Brazil’s Per Capita Income Tumbles from 41% to 28% of First World’s Take

Brazil has made great advances in growth and productivity performance and stability but macroeconomic and structural distortions remain preventing the country from reaping the full benefits of stabilization in terms of potential growth.

This is the conclusion of a report from the Organization for Economic Cooperation and Development (OECD) released today.

The OECD, which is made up of 32 of the world’s leading economies including Brazil as observer, considers the Brazilian economy growth of 2.3% in 2005 and an average 2.5% since 1995, as insufficient.

This is almost half the 5% promised by President Lula da Silva when he took office in 2003 and which he has insisted is the goal for the next four years.

"Additional structural reform will therefore be needed to lift the economy’s growth potential over the medium to longer-term, so as to narrow Brazil’s income gap relative to the OECD area, which has widened", points out the report released in Rio de Janeiro.

According to the report, per capita income in Brazil was equivalent to 41% of rich countries in 1980, but that has plummeted to 28% last year.

Three policy challenges are identified in this survey: to consolidate macroeconomic adjustment, to boost innovation in the business sector and to improve formal labor utilization.

"The Brazil report does not establish an ideal growth rate or a magic number, it merely points out that is the country is to increase the per capita income, it must elevate the potential growth rate," said Luiz de Mello, deputy chief of OECD South America’s Economics Department.

However growth must be compatible with macroeconomic equilibrium and stable inflation, added de Mello warning about growth promotion by itself is not the solution.

Brazil’s "overarching macroeconomic challenge is to continue to reduce the public debt overhang while improving the quality of fiscal adjustment, which has so far been underpinned by revenue hikes, rather than a retrenchment of expenditure commitments", insists the survey.

To do so, measures will need to be taken to arrest the increase in current spending, especially on pensions, paving the way for subsequently removing distortions and reducing the tax burden over the medium to longer term, once the debt-to-GDP ratio has been reduced in a sustainable manner.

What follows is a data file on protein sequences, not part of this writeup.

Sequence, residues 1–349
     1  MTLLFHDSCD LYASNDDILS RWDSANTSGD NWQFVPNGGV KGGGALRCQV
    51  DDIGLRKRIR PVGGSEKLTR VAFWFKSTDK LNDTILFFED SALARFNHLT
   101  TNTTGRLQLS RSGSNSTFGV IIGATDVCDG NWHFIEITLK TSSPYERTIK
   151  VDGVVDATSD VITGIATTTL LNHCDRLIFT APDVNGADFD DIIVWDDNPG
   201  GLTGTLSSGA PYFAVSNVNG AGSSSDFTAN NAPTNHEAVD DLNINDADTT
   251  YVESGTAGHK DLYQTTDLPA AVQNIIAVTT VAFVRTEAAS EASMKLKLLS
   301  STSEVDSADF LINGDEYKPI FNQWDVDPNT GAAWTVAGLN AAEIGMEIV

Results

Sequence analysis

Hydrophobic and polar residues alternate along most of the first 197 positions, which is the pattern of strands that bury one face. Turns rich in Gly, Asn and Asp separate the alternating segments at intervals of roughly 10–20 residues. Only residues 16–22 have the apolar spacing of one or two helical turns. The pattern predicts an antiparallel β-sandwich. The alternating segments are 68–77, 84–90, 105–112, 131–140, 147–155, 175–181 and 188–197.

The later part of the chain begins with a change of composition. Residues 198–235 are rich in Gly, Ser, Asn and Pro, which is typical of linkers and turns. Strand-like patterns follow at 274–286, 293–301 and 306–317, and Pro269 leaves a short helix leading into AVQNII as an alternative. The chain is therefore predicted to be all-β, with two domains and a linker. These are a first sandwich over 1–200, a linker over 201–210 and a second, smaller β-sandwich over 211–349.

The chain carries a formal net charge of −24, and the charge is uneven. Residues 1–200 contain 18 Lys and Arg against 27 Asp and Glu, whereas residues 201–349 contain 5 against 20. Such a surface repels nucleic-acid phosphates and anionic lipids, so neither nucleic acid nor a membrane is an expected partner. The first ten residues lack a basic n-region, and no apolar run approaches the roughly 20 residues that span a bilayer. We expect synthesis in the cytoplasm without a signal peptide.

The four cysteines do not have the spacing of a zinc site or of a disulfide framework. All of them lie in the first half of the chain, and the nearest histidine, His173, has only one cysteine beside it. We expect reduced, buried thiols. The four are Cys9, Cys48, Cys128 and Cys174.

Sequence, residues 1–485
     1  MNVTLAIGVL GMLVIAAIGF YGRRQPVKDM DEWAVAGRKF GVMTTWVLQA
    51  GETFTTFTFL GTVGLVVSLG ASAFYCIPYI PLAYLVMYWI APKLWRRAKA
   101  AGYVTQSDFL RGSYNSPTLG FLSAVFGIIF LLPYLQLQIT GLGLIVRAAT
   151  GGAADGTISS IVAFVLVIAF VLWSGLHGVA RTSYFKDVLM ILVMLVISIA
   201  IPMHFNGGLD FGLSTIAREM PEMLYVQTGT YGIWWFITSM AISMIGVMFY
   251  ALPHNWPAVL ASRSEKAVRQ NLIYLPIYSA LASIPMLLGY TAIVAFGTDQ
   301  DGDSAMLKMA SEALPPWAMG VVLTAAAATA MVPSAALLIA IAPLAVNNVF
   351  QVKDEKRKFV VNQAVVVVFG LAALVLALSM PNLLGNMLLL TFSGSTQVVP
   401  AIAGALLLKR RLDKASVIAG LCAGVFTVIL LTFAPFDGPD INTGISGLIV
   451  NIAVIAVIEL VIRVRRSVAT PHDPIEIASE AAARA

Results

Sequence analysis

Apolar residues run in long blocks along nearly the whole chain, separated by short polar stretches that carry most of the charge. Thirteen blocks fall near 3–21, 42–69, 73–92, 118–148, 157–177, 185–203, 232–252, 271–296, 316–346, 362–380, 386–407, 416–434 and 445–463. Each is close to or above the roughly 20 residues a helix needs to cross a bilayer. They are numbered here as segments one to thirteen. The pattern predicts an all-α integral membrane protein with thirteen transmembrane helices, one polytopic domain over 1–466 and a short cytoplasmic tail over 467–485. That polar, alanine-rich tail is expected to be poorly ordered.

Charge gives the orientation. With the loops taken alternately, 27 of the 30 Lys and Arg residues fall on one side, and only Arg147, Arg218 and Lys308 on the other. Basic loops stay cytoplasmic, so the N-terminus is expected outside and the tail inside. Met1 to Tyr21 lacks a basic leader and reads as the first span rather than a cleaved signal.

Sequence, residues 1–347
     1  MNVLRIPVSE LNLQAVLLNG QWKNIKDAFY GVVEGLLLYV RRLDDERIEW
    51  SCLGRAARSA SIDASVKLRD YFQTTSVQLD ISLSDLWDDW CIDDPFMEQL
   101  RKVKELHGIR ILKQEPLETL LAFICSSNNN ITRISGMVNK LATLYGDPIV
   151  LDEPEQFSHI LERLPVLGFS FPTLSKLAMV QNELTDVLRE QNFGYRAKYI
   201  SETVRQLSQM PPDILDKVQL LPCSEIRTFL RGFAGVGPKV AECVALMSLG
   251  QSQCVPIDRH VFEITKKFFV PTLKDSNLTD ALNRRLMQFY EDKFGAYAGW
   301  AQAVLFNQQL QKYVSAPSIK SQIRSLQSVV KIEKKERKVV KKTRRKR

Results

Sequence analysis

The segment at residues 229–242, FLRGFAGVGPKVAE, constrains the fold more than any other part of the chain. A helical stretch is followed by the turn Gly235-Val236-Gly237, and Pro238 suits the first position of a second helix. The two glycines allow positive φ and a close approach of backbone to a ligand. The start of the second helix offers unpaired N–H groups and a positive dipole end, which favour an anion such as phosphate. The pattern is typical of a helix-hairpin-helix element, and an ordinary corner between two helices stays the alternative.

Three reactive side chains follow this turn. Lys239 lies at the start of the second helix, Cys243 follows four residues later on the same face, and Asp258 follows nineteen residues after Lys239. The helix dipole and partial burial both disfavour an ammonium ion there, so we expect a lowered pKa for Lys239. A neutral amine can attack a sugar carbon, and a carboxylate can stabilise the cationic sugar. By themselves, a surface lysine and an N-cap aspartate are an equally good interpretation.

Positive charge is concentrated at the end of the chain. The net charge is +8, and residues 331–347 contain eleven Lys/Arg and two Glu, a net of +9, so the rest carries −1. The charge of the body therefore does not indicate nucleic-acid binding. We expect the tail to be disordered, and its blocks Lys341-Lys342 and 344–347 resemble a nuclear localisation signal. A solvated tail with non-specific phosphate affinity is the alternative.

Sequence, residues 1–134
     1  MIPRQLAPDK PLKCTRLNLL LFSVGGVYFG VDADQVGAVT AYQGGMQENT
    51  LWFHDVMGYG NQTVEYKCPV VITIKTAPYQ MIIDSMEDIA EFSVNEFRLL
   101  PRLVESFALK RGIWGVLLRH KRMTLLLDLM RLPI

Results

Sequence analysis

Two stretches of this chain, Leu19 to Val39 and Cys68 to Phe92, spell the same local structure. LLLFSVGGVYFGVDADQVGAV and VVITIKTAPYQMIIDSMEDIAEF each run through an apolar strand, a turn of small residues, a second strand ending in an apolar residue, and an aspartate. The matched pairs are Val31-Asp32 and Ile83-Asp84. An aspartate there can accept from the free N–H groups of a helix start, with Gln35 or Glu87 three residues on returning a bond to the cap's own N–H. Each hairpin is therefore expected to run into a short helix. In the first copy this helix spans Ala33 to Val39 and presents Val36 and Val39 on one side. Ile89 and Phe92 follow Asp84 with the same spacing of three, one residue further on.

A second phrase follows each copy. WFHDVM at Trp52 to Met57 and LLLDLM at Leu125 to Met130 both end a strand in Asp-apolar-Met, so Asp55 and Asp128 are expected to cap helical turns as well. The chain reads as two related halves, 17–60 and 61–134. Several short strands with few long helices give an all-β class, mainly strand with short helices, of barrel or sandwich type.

The OECD reports underlines that the favorable domestic macroeconomic environment, with falling inflation and improving growth prospects, appears propitious for reform towards the gradual phasing out of directed credit and a reduction in compulsory reserve requirements.

In innovation policy Brazil’s main challenge is to encourage the business sector to engage in productivity-enhancing innovative activities. At 1% of GDP, R&D spending (both public and private) is comparatively low by OECD standards and is carried out predominantly by the government.

To be successful in boosting business innovation, policies will need to be complemented by measures aimed at tackling the shortage of skills in the labor force, which is among the most important deterrents to innovation in Brazil, particularly against the backdrop of a widening gap in tertiary educational attainment with respect to the OECD area.

"The labor market is placing an increasing premium on skills, making it particularly difficult for the less educated to find a job. Labor informality is pervasive and turnover high, especially for the less educated, discouraging investment in labor training and the acquisition of job-related skills, and perpetuating income disparities".

The main policy challenge is to improve labor utilization by reducing informality and fostering human capital accumulation on and off the job, highlights the survey.

The Brazilian Finance minister Secretary General Bernard Appy said there was "a clear convergence" between what OECD proposed and the government’s goals.

"Like OECD we’re moving towards a more economic growth policy with an expansion of government investment and a reduction in taxing.

The OECD report coincides with the government announcement that the Brazilian economy growth forecast for 2006 has been lowered from 4% to 3.1%. A Central Bank survey among Brazil’s leading corporations indicates less optimism: 2.9% expansion this year.



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